Service is one of those funny things. It’s such a huge thing in our lives: unless you’re a hermit, it touches pretty much every area of your life: the things we buy and do; the utilities; even the web. And pretty much, whatever you do – even if you’re a maker or artist – a big part of what you deliver to others is about service.

On the getting side of things, we expect “good” service but we’re not really sure what that is. We mostly suspect that service can be better.

And fundamentally, we have a love-hate relationship with it.

It’s probably deeply ingrained. Since ancient times, service is something that’s never been top dog in the societal pecking order. Being an artist, teaching, and, of course, ruling the whole thing gets you a higher notch than shopkeeper, craftsman, doctor, lawyer or refuse collector. (Obviously this has nothing to do with money, just status and in some sense, respect.) It doesn’t seem to come naturally to most people, and outside of corporations that spend tens of millions of training in it (utterly wasted money) precious few of us seem to improve ourselves in the area of service. And for those of us in societies in which we like to think that status and rank don’t matter, we feel squeamish about receiving service.

It’s this ambivalence about service that’s part of the problem. We need to start respecting service more. We need to start treating it as a real craft, and while we’re at it, we need to start expecting more.

More than anything else, the iconic image of service comes in Breakfast at Tiffany’s.

It’s that scene that takes place in Tiffany’s flagship. Our cash-poor hero and heroine go hunting for something to buy at Tiffany’s, with a paltry (even in 1961) $10 in hand. A bemused salesman played by George McGiver with a most lovely Mid Atlantic accent, first suggests a $6.75 (including tax) sterling silver telephone dialer, but that lacks in romance. Then, George Peppard’s character produces a ring from a Cracker Jack box for engraving. The salesman agrees. Never a note of talking down, never a sense of derision. He even elevates their cause: “Do they still really have prizes in Cracker Jack boxes? Nice to know. Gives one a feeling of solidarity, a continuity with the past.” Lovely, just lovely.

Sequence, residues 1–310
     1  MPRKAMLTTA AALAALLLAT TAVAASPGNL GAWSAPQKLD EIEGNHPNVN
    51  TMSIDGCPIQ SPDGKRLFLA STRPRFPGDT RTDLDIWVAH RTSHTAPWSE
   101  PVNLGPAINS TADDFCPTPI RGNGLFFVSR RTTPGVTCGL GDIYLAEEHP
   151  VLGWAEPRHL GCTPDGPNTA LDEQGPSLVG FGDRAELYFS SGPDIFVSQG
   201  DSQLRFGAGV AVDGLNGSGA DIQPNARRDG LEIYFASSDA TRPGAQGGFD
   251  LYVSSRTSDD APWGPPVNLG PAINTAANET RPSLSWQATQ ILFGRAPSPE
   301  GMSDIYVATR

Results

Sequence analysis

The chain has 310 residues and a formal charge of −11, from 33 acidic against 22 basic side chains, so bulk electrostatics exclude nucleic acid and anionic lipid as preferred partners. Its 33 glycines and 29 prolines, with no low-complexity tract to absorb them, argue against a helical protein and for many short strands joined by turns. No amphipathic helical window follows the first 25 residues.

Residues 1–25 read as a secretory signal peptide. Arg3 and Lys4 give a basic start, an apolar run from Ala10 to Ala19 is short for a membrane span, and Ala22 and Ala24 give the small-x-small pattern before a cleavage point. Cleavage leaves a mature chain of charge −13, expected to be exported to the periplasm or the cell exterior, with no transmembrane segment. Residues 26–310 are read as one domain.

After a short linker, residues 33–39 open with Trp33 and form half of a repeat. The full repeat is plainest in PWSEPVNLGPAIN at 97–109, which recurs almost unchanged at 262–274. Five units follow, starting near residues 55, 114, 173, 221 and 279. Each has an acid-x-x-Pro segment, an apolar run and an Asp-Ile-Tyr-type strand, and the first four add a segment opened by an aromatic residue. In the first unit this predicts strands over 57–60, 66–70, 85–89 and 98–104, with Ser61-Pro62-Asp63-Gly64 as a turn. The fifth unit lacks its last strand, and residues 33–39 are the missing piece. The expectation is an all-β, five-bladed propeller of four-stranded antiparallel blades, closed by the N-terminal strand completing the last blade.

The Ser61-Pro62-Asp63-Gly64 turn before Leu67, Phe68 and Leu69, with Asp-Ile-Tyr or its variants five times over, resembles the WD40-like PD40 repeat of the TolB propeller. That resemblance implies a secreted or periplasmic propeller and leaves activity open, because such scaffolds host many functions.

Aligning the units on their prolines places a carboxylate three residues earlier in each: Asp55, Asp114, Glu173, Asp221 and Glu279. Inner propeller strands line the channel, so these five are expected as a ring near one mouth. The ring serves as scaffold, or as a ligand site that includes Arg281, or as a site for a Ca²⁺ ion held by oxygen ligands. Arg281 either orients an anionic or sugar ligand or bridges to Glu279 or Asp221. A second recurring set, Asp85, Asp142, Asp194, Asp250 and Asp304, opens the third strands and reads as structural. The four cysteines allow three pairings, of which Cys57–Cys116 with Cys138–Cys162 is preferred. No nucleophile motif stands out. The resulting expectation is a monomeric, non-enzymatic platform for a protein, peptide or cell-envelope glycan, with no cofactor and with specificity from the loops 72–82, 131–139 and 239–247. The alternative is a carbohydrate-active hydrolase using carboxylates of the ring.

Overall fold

That interaction has shaped my sense of what great service actually is: something practiced with honor, sensitivity, individuality, intelligence, kindness.
Of course, this is a film. Of course, it’s from the Stone Age of 1961. Of course, it’s probably not possible in this world of corporatized service and slavishly intensive focus on the bottom line. But it encapsulates the essence of exquisitely crafted service, and an intensely pleasurable, almost magical moment. It encapsulates what we all deep down think it can be.
But when did you experience service like that? When did you give that to others? And when did you last receive service with grace and appreciation and awe, the kind you give to someone who’s made you an exquisite meal or crafted a perfect pot?
Then, there’s the craft of being served. For every person who’s terrible at service, there’s someone who’s equally bad at being served. You know: the silent type, the oblivious, the grunter, the abuser, the entitled, the ungracious, the ungrateful. While these bad customers deserve basic respect, there is a little of sowing what they reap. Service is a dance. Audrey and George probably made our Tiffany salesman’s day, too. Connection, kindness, and humanity go both ways.
Given how much time we all spend getting and giving service, it’s high time we became better connoisseurs of great service.  We need to get more discriminating about what constitutes good service, being appreciative of it, investing time in those that seem to have a handle on the craft of it, and avoiding the rest like the plague. Like anything, it’s about practice and commitment and discipline, but it’s also about learning to live life really well.